Dispatch from Mogadishu
The peace conference in Mogadishu concludes
Somalia: Concern behind the smiles
Forty-five days of work, 2,605 delegates and $6 million. These were the figures from the Somali Conference on Reconciliation which ended Wednesday in Mogadishu amid applause, celebration, singing and dancing, and the presence of the President of the Federal Transitional Government, Abdullah Yusuf, the Prime Minister, Ali Gedi, and a small international delegation including the UN Special Representative for Somalia, François Lonseny Fall (removed from his controversial post, which he vacates on today), ambassadors and the Italian envoy, Mario Raffaelli, who arrived in the capital by special flight. The mood of the attendees was positive but behind the smiles, one could made out signs of profound concern.
In fact, the most important components of Somali civil society – several clans, including the powerful Aer, Duduble, Soleiman and Murusade, as well as a few ex-warlords, such as Hussein Aidid, did not attend. Also striking was the absence of Islamists from the reconciliation conference, including moderates and representatives of the Islamic Courts, who, until last year, ruled in Mogadishu and in the countryside. Indeed, President Abdallah Yussuf, a Midgan Darood, displayed openness to other clans and opponents. In his closing address he pledged to step down in 2009 when his mandate ends. “We will yield power to anyone elected thereafter”. The old Abdullah let it be known that he would not run for office again, effectively sparking a war of succession among his acolytes.
The Chairman of the conference, the former interim head of state following the removal of Said Barre (January 2001), Ali Mahdi, spoke more frankly about the fate of Somalia. Mr. Mahdi, a Habr Gedir-Abgal, declared a few days ago, “The end of the conference does not mean the end to the challenges facing Somalia. The road is long”. Reading the main points of the final conference communiqué, which will be published today, the regret that "the Asmara Group and the remainder of the Islamic Courts” did not intend is expressed. The former includes Islamic leaders who have gone into exile in the Eritrean capital following the defeat of the Courts between last December and January, including its leader, Sheikh Sharif Sheikh Ahmed and the former Parliamentary Speaker of the current administration, Sharif Hassan Aden, who was removed following a dispute with President Yusuf and Premier Ali Gedi. The reference to the "remainder" of the Islamic Courts seems to be directed to Sheikh Hassan Daher Aweis, the historic leader of Islamic fundamentalism.
The policy of inclusion, which Italy has been promoting for some time through its envoy, Raffaelli, now seems to have received the benediction of Washington, which was convinced by Italy’s special envoy to abandon its intransigence. Raffaelli explained to them that peace is made between enemies and that serious negotiations could not be held if enemies were not given a seat at the table. However, the Department of State continues to be unwaivering on the fate of the "terrorists" – not only Somali, but also foreign, who are still in Somalia. It insists that they must be handed over. The targeted bombings carried out by the US last winter and spring were fruitless. The CIA appears to have a few intelligence problems on the Somali chessboard.
According to reliable, well-informed sources from within Ethiopian intelligence, the ferocious, fanatical Shebab Islamists (which means "youth" in Arabic and who are the equivalent of the Taliban), defeated in a bloody battle in January, are regrouping again in lower Jubbada, that is, along border with Kenya where they established their sanctuary last January, and in the north, along the frontier with Somaliland. They are training young men in weapons handling and in bomb-making. These individual are then sent to the Somali capital, Mogadishu, to carry out bombings against the government and Ethiopian troops, its allies.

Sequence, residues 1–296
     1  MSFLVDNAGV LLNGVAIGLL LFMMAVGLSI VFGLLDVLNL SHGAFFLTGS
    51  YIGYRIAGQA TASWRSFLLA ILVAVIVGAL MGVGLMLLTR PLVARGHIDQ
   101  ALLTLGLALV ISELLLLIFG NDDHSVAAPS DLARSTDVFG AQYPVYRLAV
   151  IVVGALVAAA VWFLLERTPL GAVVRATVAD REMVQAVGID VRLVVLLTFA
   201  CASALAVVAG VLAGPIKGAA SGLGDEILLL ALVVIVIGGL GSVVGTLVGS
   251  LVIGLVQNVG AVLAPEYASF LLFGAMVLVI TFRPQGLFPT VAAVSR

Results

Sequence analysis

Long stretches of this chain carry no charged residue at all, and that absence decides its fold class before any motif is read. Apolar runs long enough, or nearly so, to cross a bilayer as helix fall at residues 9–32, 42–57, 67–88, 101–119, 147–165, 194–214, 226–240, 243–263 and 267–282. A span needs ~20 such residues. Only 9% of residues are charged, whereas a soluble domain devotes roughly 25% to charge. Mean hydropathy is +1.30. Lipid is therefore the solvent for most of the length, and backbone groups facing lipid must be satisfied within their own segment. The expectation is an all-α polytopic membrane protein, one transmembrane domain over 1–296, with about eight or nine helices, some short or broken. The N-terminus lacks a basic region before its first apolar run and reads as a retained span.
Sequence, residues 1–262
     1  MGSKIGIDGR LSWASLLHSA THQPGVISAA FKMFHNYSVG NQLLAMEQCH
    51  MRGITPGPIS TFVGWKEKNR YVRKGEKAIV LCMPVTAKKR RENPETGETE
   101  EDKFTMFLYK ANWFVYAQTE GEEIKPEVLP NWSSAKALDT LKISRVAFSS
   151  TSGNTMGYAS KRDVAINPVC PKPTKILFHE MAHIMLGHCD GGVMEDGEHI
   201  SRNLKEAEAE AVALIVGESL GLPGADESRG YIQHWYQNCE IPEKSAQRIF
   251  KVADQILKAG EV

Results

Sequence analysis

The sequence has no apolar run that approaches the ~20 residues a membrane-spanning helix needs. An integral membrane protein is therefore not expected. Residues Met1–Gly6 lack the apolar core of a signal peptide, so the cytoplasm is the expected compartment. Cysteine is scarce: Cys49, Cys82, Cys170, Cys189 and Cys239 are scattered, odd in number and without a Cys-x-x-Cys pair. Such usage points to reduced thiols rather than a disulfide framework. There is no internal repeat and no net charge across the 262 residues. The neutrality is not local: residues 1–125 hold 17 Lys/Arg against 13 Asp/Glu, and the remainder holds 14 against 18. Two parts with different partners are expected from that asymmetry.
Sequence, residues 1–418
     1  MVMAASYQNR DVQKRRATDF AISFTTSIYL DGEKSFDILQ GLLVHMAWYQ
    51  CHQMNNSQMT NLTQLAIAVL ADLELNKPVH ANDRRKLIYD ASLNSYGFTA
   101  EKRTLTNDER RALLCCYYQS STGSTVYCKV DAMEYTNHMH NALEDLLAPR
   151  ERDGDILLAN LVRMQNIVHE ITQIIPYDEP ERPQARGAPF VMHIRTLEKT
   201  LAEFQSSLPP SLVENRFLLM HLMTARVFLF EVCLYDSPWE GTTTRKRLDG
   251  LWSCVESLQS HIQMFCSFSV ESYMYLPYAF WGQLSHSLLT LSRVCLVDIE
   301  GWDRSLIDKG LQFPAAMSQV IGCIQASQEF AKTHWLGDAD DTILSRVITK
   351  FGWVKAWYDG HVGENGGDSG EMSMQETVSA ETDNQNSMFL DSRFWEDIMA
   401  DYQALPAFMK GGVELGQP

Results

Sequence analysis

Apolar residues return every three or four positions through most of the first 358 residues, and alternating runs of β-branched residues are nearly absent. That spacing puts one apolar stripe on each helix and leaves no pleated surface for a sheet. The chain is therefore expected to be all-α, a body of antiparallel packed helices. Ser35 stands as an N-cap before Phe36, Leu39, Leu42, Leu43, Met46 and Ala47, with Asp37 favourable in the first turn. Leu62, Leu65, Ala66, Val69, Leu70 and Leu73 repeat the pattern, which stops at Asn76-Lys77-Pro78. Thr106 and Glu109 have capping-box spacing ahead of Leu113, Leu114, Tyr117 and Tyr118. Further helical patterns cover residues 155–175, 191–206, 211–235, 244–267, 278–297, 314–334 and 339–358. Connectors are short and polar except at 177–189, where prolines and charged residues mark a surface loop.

The inability of the meeting organizers to unite all the actors of troubled Somalia around the conference table could result –as some observers and Somalis believe- in a repeat civil war among the clans that the Ethiopian troops will not be able to contain. The situation in Jilib, near Kismaayo, is extremely tense, where Shikali milias are warring with the Marehan. In central Somalia, the Murosade are clashing with the Hawadle.
Yesterday, in the large tent where the conference’s closing ceremony was held, there was a standing ovation for China’s ambassador, Guo Chongli, who, addressing the delegates, announced that his government would contribute $1 million to the reconstruction of the country. There was applause and giddiness as tribal elders and chieftains jumped for joy, as always happens when money is offered. This was one more advance in the Chinese conquest of Africa. Beijing’s diplomats are offering money everywhere in exchange for concessions and benefits. They then ask that governments turn a blind eye to human rights abuses, such as the use of forced convict labor from China to build roads, buildings and railroads.
On the last day of the conference, news of the death of someone who had been one of the major protagonists of Somali civil society and who could have been one of the architects of reconciliation, Ali Iman Sharmerki, flattened everyone like ton of bricks. Sharmerki, an Aer-Habr Gedir, working as Director, Editor-in-Chief and host at Radio-Television Horn Afrik, left Canada (where he became a citizen) eight years ago to return to his native Somalia and to contribute to the pacification of the country. On August 11th, he stepped on a remote-controlled land mine, set off by someone intent on spreading chaos. And, indeed, this may be the case.